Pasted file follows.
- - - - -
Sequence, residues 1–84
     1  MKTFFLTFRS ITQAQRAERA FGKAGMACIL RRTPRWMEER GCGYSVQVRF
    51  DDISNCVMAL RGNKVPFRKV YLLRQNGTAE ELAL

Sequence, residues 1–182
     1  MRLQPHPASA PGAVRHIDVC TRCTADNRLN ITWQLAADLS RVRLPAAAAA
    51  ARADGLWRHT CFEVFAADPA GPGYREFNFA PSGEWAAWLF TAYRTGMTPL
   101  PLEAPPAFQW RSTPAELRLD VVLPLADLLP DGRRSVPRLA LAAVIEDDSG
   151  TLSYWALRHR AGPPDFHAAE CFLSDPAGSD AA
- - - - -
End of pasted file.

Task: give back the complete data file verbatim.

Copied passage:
Sequence, residues 1–84
     1  MKTFFLTFRS ITQAQRAERA FGKAGMACIL RRTPRWMEER GCGYSVQVRF
    51  DDISNCVMAL RGNKVPFRKV YLLRQNGTAE ELAL

Sequence, residues 1–182
     1  MRLQPHPASA PGAVRHIDVC TRCTADNRLN ITWQLAADLS RVRLPAAAAA
    51  ARADGLWRHT CFEVFAADPA GPGYREFNFA PSGEWAAWLF TAYRTGMTPL
   101  PLEAPPAFQW RSTPAELRLD VVLPLADLLP DGRRSVPRLA LAAVIEDDSG
   151  TLSYWALRHR AGPPDFHAAE CFLSDPAGSD AA